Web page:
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Wildlife Groups Call For Illegal Meat And Pet Market Shutdown To Contain Coronavirus

Recently, a group of animal protection organizations and agencies wrote to Union Health Minister Harsh Vardhan, asking him to take action and shut down the countless illegal meat and pet markets in New Delhi as a way to help stop the spread of the coronavirus pandemic.

Wildlife Groups Appeal To Health Minister

Just this week, the People for Animals (PFA), Humane Society International/India (HSI/India), Mercy for Animals India Foundation (MFA), Federation of Indian Animal Protection Organizations (FIAPO) and Ahimsa Trust reportedly urged their Union Health Minister to take immediate action across the many markets and stores in the country that deal with illegal wildlife trades, as well as those that don’t follow the food safety guidelines, especially now that the coronavirus has grown into a global pandemic. The appeal is to stop the emergence of the coronavirus in the country and to hopefully stop it before it starts affecting more people.

“COVID-19 is said to have emerged from a meat and wildlife market in Wuhan, China, in December 2019. In just a few months, the virus has infected hundreds of thousands and killed over 14,000 people world over,” the joint letter from the wildlife groups read.

“Increase in industrial slaughter and factory farming of animals, unchecked wildlife trade and crowding of various species of animals in close confinement has been an invitation to deadly epidemics. The connection is unmistakable. Let’s learn from our mistakes. We are hopeful that the Ministry of Health undertakes the suggested measures to rectify this crisis and safeguard this country’s health,” Gauri Maulekhi, a trustee in People for Animals, said.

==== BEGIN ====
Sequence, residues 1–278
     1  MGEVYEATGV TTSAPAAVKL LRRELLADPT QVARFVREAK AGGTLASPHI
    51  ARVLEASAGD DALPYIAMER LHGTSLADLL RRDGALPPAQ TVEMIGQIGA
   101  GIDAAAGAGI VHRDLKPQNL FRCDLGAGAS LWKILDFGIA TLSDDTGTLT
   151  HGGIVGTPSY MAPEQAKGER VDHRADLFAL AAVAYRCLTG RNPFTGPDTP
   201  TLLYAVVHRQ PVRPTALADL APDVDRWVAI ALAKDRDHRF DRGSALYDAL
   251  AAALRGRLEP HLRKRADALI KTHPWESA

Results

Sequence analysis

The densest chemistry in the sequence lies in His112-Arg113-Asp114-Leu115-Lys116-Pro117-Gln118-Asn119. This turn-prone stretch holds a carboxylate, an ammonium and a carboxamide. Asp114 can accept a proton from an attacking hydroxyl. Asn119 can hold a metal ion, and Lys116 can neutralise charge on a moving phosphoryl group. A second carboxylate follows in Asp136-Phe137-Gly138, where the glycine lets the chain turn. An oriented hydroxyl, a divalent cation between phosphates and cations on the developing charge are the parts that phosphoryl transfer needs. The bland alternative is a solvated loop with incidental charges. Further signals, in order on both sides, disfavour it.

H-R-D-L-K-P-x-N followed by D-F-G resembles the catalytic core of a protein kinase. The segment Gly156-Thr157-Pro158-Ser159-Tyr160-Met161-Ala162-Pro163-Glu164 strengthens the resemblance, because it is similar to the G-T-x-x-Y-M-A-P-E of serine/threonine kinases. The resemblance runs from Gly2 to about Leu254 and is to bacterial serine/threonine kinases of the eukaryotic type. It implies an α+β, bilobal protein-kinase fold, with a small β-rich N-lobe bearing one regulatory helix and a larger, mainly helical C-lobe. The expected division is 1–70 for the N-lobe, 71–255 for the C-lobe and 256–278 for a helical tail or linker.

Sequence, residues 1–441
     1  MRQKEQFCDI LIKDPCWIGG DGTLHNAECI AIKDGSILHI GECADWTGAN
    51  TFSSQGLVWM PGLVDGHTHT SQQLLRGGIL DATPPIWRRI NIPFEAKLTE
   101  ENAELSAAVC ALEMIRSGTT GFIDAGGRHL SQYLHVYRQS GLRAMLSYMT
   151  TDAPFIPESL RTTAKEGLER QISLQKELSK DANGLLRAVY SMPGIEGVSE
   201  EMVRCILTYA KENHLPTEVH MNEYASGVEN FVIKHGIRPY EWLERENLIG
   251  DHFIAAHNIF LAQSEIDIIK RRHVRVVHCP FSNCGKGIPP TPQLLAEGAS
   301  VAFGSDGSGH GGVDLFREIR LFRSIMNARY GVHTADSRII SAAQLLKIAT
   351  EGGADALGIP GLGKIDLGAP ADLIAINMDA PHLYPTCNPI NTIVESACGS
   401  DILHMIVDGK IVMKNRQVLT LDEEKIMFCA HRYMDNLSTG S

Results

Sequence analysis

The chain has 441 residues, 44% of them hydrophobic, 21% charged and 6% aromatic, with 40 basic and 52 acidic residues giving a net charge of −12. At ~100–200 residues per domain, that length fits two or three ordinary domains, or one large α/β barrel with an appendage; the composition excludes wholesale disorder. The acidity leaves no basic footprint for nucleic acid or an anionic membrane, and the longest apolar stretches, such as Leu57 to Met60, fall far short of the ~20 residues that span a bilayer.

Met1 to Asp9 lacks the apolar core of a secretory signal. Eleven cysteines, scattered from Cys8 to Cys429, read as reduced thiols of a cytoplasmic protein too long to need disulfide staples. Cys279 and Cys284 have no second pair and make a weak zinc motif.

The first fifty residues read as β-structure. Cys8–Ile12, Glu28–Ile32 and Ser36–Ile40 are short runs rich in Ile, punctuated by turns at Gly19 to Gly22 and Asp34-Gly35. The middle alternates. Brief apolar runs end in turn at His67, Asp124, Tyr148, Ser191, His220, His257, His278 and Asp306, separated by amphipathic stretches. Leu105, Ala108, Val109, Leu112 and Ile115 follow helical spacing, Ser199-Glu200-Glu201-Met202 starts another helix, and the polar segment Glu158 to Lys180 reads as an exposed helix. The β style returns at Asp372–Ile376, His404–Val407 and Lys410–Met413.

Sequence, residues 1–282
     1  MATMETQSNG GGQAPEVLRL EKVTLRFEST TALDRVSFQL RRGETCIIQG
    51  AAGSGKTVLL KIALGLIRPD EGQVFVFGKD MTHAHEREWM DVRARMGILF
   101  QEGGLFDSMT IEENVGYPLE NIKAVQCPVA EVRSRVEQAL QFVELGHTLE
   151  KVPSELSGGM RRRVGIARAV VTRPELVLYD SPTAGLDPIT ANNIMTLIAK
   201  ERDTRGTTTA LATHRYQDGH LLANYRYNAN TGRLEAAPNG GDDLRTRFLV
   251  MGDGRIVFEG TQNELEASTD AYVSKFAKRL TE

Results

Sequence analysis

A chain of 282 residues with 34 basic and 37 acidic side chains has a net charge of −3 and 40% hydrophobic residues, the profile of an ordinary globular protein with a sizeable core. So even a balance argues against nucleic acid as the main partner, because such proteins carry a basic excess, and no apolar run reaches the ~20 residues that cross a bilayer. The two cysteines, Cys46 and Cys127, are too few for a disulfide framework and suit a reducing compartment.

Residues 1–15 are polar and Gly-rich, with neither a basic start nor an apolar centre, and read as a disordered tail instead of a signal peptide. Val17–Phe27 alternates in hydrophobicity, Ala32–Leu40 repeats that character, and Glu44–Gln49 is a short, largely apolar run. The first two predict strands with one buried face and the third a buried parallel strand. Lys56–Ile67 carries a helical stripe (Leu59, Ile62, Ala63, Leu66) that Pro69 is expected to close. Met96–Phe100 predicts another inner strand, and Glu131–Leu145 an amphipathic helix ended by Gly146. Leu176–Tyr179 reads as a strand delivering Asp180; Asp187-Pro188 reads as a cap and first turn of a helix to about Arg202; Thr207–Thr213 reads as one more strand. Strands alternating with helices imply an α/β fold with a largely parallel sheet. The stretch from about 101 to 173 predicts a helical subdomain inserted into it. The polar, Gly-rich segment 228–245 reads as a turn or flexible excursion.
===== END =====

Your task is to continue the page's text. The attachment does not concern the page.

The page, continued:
To drive home their point, the wildlife groups pointed to the countless studies that state how three out of four emerging pathogens that affected humans in the past decade or so have come from either animals or animal products. Furthermore, a study made in Nepal also showed that raw meat sold in developing countries are more likely to be contaminated from multiple external sources, which includes handling, processing and delivering, because most of these are done by hand.

Meanwhile, the world continues to face the coronavirus pandemic.

Dogs waiting to be sold as food are in kept in a cage on a truck in Songnam, about 50km (30 miles) south of Seoul July 29, 2004. While animal rights activists have condemned dog meat as a cruel treatment of the animals, it is still an accepted popular del Dogs waiting to be sold as food are in kept in a cage on a truck in Songnam, about 50km (30 miles) south of Seoul July 29, 2004. While animal rights activists have condemned dog meat as a cruel treatment of the animals, it is still an accepted popular delicacy for some South Korean, as well in some other Asian countries. Kim Kyung Hoon/Reuters





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